Since this December has been as dry as your average November (or October, for that matter) Hans Florine and I decided an El Cap ascent had to go down. We hadn’t climbed together in 9 years since we did the first one day ascent of the Muir Wall.
I left the Valley for El Cap meadow at 6:30 just as daylight was creeping into the Valley. I took this shot of Half Dome.
I realized I didn’t have any food and that there was nothing open. So I can proudly say that this speed ascent was fueled by the vending machine behind the Yosemite lodge:
1 bag Famous Amos cookies
2 Mothers oatmeal cookies
2 snickers bars
I met Hans at 7am. El Cap Meadow was arctic. Ice covered everything and it felt like the forecasted low of 18 degrees. Since we were doing the route in free shoes only, we got to walk to the base with just 5mm of sticky rubber between our feet and the frozen tundra-like ground. For clothes, I just had a t-shirt and a thin polypro top. Two minutes into the approach Hans jokingly suggested turning around and going back to the car for more clothes. But I told him about the phenomenon where the cold sinks to the valley floor and its actually 20 degrees warmer once you get 50 vertical feet up to the base of the route.
“Yeah,” he replied “That is true. But its about 8 degrees warmer, not 20.”
He was right. But I was used to climbing with numb hands from my last week in zion. No biggy.
I started leading and Hans would yell up “That pitch took 8 minutes, at this rate we will have a time of…” Every so often he would call up and recalculate our projected top-out time. “Well, its now taking you about 10 minutes a pitch…” Hans clearly earns his title as being one of the best and most enthusiastic speed climbers in the world.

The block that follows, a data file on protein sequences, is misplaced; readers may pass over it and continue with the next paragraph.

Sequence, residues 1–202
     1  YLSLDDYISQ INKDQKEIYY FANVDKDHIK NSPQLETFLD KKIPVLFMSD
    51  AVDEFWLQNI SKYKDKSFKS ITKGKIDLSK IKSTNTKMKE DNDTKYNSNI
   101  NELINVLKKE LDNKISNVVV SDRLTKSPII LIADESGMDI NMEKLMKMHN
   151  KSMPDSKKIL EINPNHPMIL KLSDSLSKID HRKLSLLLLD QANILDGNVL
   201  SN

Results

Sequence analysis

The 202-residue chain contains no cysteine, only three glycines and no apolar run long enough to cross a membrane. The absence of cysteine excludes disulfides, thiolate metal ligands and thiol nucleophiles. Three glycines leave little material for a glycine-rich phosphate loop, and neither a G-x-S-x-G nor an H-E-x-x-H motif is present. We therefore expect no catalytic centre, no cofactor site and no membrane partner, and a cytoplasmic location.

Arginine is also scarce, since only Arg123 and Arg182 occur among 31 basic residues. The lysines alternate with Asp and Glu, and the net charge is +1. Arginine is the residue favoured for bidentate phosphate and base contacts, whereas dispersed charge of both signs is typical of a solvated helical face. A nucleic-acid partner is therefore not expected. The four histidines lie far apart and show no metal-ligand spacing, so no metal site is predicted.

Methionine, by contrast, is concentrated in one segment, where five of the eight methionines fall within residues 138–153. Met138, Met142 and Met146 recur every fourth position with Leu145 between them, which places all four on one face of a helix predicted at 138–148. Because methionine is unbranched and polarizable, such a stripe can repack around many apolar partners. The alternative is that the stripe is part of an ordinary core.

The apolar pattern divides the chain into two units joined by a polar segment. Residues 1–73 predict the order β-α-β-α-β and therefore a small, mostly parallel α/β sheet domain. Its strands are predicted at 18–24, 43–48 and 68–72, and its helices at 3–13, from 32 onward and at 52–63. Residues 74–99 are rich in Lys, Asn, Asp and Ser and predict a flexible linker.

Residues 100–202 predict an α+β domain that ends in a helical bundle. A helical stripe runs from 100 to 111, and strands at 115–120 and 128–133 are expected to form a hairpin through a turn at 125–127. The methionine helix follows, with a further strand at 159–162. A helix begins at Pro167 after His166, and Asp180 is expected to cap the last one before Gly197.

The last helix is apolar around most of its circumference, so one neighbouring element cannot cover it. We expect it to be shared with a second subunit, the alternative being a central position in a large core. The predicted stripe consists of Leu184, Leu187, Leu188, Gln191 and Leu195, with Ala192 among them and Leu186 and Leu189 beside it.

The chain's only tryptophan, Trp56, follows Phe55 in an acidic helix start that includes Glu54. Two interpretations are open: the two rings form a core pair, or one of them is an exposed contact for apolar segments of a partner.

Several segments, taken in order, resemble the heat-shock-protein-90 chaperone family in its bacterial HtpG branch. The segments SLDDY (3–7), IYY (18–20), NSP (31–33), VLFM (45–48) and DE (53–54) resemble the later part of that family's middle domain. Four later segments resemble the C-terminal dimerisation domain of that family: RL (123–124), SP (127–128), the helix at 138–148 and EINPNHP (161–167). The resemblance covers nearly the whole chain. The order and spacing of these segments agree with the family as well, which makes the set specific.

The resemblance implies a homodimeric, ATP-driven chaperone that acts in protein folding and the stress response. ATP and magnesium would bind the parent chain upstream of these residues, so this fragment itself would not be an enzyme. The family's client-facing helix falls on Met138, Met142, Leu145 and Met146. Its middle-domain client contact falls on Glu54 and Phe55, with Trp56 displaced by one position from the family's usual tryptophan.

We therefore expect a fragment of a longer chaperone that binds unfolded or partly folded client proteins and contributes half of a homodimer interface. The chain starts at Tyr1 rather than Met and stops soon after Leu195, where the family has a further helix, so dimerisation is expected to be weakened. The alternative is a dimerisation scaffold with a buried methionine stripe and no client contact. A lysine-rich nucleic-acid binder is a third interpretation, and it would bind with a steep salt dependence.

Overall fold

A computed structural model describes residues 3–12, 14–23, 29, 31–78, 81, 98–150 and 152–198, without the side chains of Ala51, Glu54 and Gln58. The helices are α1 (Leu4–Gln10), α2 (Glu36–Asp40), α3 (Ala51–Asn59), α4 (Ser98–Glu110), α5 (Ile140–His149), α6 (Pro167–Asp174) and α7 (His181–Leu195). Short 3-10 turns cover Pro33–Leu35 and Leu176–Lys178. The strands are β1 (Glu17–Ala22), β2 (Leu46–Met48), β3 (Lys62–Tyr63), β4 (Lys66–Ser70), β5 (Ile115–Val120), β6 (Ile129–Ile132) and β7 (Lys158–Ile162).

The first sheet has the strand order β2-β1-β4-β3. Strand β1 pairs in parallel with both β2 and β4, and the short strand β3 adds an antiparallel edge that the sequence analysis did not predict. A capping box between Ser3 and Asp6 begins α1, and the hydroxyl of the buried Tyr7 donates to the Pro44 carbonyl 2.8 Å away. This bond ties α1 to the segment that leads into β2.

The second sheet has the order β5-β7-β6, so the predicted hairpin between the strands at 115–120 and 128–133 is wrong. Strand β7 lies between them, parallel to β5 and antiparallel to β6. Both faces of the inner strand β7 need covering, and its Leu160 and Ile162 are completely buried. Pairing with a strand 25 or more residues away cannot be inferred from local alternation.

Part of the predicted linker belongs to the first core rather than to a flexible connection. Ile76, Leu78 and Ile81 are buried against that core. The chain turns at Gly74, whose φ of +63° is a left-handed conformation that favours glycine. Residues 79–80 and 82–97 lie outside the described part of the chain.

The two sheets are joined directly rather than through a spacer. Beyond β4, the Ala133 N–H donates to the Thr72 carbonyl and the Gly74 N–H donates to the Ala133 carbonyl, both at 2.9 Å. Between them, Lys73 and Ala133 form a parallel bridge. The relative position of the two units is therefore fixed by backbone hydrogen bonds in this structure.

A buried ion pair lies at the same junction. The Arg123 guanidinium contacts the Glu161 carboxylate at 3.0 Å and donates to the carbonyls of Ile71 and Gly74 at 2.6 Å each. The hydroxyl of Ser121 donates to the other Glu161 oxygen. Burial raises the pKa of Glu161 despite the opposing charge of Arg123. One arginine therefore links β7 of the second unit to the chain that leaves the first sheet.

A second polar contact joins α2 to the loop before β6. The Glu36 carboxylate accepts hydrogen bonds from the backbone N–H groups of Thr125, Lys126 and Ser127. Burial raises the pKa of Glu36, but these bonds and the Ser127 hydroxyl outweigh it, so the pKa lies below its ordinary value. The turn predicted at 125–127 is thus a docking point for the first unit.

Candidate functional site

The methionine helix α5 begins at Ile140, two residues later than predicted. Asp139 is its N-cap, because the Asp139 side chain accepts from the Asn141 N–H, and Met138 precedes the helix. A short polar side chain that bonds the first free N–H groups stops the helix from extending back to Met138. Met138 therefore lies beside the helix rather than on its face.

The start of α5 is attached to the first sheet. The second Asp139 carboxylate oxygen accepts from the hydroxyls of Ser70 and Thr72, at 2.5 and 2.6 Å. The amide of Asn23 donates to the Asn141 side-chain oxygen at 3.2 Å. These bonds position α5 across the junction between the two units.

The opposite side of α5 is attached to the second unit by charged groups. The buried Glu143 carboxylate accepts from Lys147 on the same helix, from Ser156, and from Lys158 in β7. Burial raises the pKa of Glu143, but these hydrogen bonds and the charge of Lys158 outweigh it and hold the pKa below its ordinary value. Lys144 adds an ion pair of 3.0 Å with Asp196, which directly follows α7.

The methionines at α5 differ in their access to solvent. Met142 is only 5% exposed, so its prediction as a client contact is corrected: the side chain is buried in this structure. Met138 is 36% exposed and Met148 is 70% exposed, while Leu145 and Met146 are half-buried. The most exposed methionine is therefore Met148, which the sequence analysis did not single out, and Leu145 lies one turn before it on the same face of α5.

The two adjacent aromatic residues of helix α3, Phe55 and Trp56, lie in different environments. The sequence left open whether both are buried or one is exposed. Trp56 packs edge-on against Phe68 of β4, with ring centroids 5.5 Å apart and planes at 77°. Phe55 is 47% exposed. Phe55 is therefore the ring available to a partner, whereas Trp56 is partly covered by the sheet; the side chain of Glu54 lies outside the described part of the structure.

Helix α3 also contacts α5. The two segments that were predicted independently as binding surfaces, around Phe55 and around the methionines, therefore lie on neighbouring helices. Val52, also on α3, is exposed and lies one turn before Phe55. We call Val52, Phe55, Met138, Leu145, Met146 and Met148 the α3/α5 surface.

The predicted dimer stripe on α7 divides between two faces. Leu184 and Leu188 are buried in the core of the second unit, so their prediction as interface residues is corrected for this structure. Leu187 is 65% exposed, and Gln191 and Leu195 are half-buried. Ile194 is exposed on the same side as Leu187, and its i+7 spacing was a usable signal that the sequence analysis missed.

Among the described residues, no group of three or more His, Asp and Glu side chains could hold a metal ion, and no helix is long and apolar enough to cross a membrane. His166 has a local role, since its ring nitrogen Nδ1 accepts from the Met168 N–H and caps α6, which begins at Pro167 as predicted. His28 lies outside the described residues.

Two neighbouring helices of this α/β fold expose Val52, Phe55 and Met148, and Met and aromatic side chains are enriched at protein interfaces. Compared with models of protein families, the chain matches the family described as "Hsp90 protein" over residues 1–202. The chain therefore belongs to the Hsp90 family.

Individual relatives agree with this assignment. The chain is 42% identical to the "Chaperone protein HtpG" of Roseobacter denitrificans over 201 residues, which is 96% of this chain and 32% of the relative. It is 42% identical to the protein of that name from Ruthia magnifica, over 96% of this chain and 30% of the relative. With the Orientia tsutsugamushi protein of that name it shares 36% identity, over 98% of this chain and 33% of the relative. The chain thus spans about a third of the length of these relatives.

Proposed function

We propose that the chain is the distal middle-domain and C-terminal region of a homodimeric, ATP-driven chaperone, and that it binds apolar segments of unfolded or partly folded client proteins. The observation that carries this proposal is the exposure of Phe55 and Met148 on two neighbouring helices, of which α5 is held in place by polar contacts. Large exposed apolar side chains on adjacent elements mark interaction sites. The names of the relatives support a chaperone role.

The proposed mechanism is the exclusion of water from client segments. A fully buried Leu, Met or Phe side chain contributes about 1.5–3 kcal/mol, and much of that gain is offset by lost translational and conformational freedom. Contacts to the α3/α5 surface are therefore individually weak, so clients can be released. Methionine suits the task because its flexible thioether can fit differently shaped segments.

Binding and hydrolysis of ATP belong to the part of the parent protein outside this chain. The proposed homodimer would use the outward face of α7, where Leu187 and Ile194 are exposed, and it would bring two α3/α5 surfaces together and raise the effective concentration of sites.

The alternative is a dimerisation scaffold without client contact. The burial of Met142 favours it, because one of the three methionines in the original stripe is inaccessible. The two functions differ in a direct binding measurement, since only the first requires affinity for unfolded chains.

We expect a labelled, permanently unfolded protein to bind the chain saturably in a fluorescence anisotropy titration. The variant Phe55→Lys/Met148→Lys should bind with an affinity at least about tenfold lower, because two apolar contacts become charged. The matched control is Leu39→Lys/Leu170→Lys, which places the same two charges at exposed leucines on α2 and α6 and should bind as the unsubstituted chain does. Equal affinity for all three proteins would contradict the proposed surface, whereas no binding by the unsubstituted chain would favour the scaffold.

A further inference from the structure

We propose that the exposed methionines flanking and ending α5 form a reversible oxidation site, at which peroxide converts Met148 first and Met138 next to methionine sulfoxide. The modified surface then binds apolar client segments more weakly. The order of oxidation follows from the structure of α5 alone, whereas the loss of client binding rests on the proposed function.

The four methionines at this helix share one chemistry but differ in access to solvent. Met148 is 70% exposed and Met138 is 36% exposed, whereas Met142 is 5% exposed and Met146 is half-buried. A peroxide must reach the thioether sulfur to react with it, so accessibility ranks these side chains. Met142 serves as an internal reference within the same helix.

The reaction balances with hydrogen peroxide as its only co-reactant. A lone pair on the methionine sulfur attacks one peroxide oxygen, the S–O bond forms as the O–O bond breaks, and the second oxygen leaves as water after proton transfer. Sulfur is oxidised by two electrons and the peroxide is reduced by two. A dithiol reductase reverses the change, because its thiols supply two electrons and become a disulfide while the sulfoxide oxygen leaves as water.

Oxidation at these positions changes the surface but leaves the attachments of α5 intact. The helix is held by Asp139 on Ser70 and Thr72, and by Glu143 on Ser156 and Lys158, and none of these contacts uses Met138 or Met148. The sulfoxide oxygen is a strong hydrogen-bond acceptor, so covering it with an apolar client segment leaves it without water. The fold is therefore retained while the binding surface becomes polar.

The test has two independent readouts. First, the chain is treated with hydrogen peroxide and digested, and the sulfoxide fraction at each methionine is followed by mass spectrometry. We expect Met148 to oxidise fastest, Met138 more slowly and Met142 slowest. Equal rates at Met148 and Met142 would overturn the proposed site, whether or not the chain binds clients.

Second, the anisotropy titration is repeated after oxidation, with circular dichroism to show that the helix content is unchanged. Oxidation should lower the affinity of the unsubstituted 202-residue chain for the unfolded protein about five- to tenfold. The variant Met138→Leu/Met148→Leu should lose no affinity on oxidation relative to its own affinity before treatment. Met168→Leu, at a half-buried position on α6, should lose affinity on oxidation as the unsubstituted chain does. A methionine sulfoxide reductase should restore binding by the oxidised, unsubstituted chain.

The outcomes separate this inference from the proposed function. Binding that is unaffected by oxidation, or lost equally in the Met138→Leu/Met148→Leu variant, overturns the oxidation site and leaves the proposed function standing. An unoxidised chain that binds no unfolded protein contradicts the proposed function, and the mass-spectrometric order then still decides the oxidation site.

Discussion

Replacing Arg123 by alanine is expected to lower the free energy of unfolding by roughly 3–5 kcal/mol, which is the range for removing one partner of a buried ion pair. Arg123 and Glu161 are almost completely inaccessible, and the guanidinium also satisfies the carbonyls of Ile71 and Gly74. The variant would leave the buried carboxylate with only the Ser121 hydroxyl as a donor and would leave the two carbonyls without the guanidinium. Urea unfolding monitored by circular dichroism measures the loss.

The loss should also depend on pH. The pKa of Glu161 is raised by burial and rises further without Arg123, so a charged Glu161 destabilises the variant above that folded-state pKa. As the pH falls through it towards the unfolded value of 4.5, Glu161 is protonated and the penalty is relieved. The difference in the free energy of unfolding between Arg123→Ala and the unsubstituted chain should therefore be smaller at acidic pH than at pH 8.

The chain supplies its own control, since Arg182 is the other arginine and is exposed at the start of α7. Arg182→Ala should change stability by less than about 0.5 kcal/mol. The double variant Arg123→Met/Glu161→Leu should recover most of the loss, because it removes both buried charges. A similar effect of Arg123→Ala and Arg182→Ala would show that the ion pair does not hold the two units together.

At pitch 3 we climbed into the sun. It would be T-shirt temps to the top.
Here I am on pitch 4:
On Mammoth Terrace, a team called down from about two thirds the way up Sunkist. “What’s the weather look like for the next few days?” I was really hoping that we would have El Cap to ourselves. But if we had to share it with someone, then it at least it was cool that these guys were doing such a demanding route. I couldn’t even imagine the sub-freezing temperatures they had to endure between 5pm and 7am. “Good weather for at least two days” I screamed back up. We were the personal el cap weather service for the day. There was a purpose to our climb after all.
I led the first 16 pitches in a little over 2 and half hours and then Hans took over. He got the crux aid pitch, a long and sustained C2 corner. I was going to give him the two bigger and more comfy aiders, but he insisted on taking just one of the smallest ones. “The more uncomfortable you are in the aiders the faster you move. The ideal might be to just have 4mm cord… but that could cut through your arch.”
While I still was still in a two aider world, I had to admit that he moved FAST. Two and a half hours later, we were on Camp VI on The Nose.
Here is Hans on the traverse into The Nose
Here is Hans leading the great roof:
Hans on the Pancake Flake
I took back over the lead. I now have that last part of the nose pretty wired, so I only took half the rack and made it last for four pitches. This meant that I topped out with three micro-cams and no extra biners. Hans had to jug with it all of it… which is not fun on the severely overhanging last pitch. Sorry hans.
Me leading the last pitch
We topped out in 6:27 which was a new fastest time for the route. On top, we stuffed 2 x 2 inch pieces of foam pad in the heels of our climbing shoes. This is a trick Peter Croft gave Hans. It made a big difference on the descent.
Team Primary Colors on top.
The view from the top. Its winter up there in the high country!